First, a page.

This is an archived article that was published on sltrib.com in 2012, and information in the article may be outdated. It is provided only for personal research purposes and may not be reprinted.
If allowed to go into effect, HB497, Utah's "papers please" law will cause irreparable harm to all Utahns. A hearing to determine whether the courts should block this law, which has been on hold since it was signed in May 2011, occurs Friday.
The stakes are high, especially for those engaged in the work of law enforcement. If the courts determine the law should be implemented, officers will experience a dramatic shift in how they engage in daily interactions.
As a police department dedicated to serving all members of our community equally without bias, we rely on the trust and cooperation of each individual and neighborhood. This is especially true of immigrant neighborhoods, where neighbors and even family members may not share the same immigration status.
In order to perform our job effectively, all people – including those who lack authorization to be in this country – should feel confident approaching police officers and coming forward as victims of or witnesses to crime without fear this interaction may lead to an investigation of their immigration status.
Unfortunately, because HB497 compels police officers to routinely ask questions about immigration status, the law will undoubtedly sever the bonds of trust that Salt Lake City Police officers share with our immigrant communities and that we have worked so hard to create.
Furthermore, HB497 diverts resources at a critical time when we can least afford it. In Alabama, the only state to have a "papers please" law in effect, police officers have wasted time and resources arresting German and Japanese auto executives, all because they didn't have proper papers on them during routine traffic stops.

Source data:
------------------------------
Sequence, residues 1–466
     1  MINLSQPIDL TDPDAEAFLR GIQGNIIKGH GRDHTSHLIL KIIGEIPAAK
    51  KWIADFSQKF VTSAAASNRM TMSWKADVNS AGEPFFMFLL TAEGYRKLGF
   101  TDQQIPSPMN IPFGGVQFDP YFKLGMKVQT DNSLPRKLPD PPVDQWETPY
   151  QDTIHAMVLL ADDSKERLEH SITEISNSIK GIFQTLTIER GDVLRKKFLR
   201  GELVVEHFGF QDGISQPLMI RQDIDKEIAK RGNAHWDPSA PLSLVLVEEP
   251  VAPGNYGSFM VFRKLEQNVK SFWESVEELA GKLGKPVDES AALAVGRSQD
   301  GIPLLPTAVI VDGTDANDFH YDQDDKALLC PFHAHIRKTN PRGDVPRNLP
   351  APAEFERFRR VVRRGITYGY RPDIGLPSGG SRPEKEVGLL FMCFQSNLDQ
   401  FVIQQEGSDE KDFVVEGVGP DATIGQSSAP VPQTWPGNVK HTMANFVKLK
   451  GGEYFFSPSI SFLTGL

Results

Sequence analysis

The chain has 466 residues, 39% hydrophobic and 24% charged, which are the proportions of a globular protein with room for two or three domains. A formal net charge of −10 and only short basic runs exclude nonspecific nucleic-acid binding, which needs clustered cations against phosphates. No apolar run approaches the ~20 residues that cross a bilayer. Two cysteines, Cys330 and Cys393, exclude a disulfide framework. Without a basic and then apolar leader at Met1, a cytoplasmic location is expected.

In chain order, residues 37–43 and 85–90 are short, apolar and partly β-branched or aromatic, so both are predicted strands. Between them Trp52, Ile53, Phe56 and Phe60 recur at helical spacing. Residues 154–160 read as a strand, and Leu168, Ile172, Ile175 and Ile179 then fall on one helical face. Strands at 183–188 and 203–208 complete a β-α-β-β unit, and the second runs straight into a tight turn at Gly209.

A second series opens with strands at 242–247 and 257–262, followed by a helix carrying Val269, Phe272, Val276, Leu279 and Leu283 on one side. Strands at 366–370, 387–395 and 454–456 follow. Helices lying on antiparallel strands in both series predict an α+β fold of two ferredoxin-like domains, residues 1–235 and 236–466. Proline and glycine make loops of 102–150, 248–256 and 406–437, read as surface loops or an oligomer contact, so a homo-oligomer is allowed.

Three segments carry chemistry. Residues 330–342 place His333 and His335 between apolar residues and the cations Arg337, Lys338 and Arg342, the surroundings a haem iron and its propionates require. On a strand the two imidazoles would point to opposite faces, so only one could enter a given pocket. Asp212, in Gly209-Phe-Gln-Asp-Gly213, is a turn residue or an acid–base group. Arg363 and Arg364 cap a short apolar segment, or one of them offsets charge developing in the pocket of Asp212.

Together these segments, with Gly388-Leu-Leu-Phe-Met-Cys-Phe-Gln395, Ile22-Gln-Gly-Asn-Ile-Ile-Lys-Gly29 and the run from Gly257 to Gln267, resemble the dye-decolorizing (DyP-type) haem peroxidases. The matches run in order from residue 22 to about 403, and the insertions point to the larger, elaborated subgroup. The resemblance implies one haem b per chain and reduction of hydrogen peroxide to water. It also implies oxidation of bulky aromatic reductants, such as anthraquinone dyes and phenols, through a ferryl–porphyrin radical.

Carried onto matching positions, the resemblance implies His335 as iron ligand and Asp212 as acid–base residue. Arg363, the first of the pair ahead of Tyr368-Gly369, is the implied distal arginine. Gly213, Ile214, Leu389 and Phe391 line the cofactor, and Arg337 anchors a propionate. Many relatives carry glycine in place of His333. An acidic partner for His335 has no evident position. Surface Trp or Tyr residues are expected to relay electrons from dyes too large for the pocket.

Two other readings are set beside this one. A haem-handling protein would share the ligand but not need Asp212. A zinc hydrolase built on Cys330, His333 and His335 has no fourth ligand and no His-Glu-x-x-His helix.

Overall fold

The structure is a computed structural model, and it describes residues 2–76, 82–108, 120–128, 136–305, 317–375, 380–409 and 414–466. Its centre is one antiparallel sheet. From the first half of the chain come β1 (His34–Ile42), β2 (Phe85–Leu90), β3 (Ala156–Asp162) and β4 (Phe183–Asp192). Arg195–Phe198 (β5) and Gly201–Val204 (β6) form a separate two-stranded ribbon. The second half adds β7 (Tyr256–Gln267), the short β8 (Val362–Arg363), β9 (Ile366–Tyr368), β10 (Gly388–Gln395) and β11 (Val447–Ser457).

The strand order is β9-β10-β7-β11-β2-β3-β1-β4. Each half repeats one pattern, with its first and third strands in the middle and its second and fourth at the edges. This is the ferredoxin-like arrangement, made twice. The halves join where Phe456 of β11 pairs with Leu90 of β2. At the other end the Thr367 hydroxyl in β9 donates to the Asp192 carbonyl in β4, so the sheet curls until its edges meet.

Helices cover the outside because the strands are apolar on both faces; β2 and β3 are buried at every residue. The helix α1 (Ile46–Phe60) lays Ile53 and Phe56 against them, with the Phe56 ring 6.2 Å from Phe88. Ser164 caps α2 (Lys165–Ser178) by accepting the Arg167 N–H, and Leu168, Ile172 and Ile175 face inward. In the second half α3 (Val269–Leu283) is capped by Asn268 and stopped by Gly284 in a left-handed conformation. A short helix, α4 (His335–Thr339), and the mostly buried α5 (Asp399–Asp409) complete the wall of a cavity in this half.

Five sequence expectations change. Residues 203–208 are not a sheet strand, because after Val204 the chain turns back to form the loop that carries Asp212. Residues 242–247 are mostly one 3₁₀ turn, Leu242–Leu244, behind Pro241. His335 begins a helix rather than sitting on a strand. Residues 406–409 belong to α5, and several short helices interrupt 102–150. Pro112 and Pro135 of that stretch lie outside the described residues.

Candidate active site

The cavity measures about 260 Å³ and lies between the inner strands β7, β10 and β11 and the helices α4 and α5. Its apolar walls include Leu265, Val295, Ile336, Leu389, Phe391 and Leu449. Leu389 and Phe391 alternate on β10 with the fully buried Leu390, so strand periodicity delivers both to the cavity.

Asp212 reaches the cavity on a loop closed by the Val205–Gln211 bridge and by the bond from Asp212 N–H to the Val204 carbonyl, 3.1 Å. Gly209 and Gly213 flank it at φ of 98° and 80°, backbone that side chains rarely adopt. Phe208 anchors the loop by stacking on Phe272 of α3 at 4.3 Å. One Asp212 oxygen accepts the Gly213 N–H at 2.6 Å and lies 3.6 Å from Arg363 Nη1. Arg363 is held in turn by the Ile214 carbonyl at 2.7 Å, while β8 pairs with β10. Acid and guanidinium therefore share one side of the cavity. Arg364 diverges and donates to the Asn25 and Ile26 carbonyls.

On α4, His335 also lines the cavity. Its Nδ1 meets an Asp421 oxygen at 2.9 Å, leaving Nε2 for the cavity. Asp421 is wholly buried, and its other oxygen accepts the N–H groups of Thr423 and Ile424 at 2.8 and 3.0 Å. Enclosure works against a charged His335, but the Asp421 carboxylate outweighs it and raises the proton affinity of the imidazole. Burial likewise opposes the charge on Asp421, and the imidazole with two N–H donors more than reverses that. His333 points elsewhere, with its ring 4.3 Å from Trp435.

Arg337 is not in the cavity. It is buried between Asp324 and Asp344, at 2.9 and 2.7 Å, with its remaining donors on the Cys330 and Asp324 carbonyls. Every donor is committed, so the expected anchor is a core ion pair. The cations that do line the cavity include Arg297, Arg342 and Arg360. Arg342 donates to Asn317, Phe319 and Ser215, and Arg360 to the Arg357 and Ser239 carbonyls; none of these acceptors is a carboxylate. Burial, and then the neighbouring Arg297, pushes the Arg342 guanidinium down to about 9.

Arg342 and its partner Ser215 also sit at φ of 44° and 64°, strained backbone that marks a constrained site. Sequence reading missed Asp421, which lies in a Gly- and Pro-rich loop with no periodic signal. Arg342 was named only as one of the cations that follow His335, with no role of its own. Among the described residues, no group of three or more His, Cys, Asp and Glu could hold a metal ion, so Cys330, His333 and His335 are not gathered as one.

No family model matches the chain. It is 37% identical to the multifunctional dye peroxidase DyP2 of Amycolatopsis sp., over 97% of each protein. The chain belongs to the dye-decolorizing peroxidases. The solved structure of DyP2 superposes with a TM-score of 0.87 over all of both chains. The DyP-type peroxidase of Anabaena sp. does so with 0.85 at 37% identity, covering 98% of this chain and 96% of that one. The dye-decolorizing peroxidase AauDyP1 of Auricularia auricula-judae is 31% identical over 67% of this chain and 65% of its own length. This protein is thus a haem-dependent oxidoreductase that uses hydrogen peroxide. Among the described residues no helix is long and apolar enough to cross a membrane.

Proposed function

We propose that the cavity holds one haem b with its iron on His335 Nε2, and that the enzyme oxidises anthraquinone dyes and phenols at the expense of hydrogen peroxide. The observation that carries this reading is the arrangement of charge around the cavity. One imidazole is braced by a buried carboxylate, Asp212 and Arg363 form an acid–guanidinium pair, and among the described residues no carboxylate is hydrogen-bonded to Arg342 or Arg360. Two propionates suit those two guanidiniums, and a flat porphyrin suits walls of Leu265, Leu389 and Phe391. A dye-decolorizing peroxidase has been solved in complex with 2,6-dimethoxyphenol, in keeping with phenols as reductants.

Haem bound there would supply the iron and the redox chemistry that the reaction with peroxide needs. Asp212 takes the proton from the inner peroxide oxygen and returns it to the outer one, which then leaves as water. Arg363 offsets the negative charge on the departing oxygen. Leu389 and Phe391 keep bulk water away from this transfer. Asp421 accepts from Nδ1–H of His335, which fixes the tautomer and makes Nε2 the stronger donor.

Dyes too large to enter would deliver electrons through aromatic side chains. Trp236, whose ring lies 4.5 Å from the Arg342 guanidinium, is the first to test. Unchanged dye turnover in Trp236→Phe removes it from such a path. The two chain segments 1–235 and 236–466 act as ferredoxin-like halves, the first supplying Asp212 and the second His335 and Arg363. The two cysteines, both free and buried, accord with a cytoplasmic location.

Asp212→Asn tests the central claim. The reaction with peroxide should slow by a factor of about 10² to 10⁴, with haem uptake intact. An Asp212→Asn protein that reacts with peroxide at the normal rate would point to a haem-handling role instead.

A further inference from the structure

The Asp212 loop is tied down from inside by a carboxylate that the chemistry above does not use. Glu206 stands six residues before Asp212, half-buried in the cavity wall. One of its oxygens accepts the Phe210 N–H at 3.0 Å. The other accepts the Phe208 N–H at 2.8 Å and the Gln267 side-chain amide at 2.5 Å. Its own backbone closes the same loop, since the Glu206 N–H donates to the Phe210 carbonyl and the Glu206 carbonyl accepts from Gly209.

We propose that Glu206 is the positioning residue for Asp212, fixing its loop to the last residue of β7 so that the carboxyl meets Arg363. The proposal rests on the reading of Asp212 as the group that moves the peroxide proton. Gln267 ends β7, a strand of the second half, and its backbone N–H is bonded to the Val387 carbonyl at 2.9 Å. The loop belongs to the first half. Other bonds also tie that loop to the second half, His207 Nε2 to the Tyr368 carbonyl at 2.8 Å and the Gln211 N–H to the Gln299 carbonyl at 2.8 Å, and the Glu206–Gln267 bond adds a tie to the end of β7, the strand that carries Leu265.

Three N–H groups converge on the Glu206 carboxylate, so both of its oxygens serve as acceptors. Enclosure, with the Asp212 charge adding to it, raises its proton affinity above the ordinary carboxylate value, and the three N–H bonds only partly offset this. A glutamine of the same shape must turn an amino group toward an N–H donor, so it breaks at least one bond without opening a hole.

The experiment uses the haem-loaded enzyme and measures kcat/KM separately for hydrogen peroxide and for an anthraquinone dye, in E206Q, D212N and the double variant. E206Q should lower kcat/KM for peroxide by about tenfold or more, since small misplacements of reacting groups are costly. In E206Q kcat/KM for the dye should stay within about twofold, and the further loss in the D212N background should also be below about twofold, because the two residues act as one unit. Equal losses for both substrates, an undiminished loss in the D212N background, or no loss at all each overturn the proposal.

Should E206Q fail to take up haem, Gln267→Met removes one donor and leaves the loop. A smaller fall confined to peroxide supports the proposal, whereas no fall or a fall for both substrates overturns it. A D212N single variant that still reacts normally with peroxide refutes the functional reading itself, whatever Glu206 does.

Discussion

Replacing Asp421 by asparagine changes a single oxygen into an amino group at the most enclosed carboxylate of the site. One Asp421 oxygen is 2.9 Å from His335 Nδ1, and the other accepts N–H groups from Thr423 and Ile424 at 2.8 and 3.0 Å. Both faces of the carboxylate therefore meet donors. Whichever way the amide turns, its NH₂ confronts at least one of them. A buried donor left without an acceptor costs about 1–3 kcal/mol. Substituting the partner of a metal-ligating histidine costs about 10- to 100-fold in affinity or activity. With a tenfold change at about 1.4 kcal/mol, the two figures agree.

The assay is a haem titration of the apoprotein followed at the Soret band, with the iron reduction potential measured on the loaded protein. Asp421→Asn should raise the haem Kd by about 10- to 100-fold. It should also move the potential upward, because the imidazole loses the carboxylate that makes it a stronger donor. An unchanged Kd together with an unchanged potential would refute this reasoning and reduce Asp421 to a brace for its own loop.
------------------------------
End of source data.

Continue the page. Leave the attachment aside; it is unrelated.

These interactions may seem like mere annoyances to some, but this diversion of resources translates into a much higher public safety cost for all. The funds wasted to enforce laws like HB497 are much better spent on officers or programs intended to improve our city's safety.
Proponents of HB497 often state their support because the federal government has failed to fix our broken immigration system. The entire nation is experiencing the same frustration.
Salt Lake City has a diverse and rich immigrant community that has suffered because the federal government refuses to update antiquated and complicated immigration laws. However, immigration policy that changes every time an individual crosses a state line is simply not the answer.
Rather than expend money, time and resources crafting Utah-specific immigration code, we should expect our elected officials who represent us in Washington to put aside partisan rhetoric and update ineffective immigration laws. Friday, lawyers for and against HB497 will argue the law's constitutionality, and a Federal District Court will ultimately determine whether officers will be required to enforce it.
My hope is that the impracticality of the law and the negative impact it would have on our cities will not be forgotten by the courts, the legislators or the public. Ultimately, it is not in the best interest of our nation to compel local law enforcement officers to become de facto immigration agents through misguided laws like HB497.
Chris Burbank is Salt Lake City's chief of police.